WTP System

Intelligent Control System

Swapan Basu, Ajay Kumar Debnath, in Power Plant Instrumentation and Control Handbook (Second Edition), 2019

2.6.4 Water Treatment Plant (WTP)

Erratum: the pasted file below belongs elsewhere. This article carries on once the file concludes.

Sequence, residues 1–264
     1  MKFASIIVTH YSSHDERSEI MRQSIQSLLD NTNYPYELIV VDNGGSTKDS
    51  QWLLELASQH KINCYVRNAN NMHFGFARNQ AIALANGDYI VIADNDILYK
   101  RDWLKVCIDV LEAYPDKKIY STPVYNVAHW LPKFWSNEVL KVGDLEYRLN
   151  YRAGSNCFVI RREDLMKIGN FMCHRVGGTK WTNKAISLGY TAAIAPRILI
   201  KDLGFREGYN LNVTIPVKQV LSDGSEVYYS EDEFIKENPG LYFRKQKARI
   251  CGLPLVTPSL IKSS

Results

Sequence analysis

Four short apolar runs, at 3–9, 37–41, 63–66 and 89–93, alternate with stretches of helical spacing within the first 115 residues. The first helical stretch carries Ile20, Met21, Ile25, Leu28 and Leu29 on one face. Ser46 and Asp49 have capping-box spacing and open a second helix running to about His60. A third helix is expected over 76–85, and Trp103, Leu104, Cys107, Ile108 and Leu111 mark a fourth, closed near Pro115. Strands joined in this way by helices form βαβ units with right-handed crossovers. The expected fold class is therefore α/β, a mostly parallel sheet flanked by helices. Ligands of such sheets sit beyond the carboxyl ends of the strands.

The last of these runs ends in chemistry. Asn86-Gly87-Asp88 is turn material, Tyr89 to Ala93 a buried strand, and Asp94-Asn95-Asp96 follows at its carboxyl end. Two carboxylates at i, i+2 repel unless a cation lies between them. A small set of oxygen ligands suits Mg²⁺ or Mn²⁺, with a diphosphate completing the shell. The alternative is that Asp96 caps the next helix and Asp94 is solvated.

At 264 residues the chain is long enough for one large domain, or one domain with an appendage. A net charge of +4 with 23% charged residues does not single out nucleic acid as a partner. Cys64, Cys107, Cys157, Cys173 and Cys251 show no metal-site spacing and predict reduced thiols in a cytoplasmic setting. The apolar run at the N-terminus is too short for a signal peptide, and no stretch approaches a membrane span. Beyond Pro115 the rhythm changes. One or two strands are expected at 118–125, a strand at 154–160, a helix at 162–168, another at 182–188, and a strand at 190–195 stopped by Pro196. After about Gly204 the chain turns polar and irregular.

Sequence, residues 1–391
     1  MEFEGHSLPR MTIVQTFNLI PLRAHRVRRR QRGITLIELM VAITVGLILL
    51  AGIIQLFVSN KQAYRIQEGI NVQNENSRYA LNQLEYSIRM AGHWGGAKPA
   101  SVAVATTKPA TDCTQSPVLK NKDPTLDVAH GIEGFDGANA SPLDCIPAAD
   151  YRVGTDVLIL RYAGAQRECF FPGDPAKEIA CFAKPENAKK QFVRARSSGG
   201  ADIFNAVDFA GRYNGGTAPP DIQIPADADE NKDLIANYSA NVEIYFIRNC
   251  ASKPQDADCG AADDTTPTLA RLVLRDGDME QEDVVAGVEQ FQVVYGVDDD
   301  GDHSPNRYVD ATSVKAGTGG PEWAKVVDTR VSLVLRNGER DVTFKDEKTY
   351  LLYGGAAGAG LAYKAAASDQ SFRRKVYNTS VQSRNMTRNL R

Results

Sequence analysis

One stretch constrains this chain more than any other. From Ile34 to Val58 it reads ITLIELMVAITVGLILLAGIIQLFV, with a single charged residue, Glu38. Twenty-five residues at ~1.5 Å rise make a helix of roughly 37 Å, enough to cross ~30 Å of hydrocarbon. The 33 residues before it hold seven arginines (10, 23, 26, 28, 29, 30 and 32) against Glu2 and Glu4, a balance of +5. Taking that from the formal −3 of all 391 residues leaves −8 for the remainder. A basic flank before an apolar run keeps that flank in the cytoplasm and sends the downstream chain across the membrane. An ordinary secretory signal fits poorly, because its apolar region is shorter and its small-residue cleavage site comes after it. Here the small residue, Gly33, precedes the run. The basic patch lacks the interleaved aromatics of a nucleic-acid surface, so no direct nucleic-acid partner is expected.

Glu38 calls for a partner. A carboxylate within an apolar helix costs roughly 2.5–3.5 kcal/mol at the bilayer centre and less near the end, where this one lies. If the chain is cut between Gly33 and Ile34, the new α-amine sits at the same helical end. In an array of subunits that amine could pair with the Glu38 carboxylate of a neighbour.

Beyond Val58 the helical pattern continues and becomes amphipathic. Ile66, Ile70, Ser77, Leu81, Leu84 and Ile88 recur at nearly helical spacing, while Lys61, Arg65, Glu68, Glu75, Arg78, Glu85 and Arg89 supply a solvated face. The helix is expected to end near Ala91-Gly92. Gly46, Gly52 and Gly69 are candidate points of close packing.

WTP including an effluent treatment plant: There are three different sections in a WTP: a pretreatment (PT) plant, a posttreatment or demineralized water (DM) plant, and a waste treatment or effluent treatment (ET) plant. The ratio of numbers of analog to digital measurement is near unity, and because at present there is hardly much difference between the DCS and PLC, so the selection of control could go either way. However on account of many sequential controls pertinent to each of the exchanger units in a DM plant and effluent plants (and cost also), the PLC is preferred as the control system. It has been found that in some cases, a number of PLCs are utilized for a total WTP plant. Also, some smaller units use PLCs with SLC (Section 4.3). A WTP encompasses everything from a raw water pump house to a DM storage tank, and the location of the pretreatment plants is far from the DM plant control room, where normally the main PLC and operator station are placed for control and operation. Sometimes it is better for pretreatment plants to have a separate PLC with remote I/Os for a raw water plant. Again, a chlorination plant is almost an independent plant and may be controlled by a micro PLC. Depending on plant size and configuration, the ET plant may be an elaborate system involving many I/Os, so a separate PLC with communication to the main system may be economical. Finally, all these PLCs may be integrated or linked to have relevant data available at the DM control room. Alternatively, these may be achieved by deploying remote I/Os and/or via a fieldbus to reduce cable cost. In a nutshell, there is a need to have an integrated LAN with a soft link or fieldbus. In terms of automation, there are differences in control systems deployed for PT, DM, and ET. In pretreatment plants, there will be a number of pumps, and their automatic selections and associated logics are major issues. Also, there will be a few measurements such as flow measurement by a Parshall flume. For a large power house, there may be a large number of pumps and valves, so these automatic selections are not very simple and a dedicated PLC may be a better option. Similarly, in a DM plant, there will be sequential operation of solenoid-operated valves for backwash and regeneration for the exchanger units. Regeneration can be done in various modes such as DP across an exchanger, time-based, or a conductivity-based system, so the PLC needs to take care of such selections. As in a DM plant, there are controls for chemical handling (for example, brine tank automation). The sequence control may be fully automatic, semiautomatic, or manual. A PLC in a DM plant needs to handle many analog parameters (for example, pH, Cond. analyzer) for monitoring and for modulating control (for example, degasser control) also. Therefore, the trending of parameters is important. In case of small DM plants, the use of a local dedicated sequencer is not uncommon. Selection of the IP rating for a PLC and local enclosure is quite important as the environment is very corrosive. In these plants, local operation of a few drives is common, for example, the clariflocculator agitator, so local panels with operator interface and a link to the LAN may have to be considered.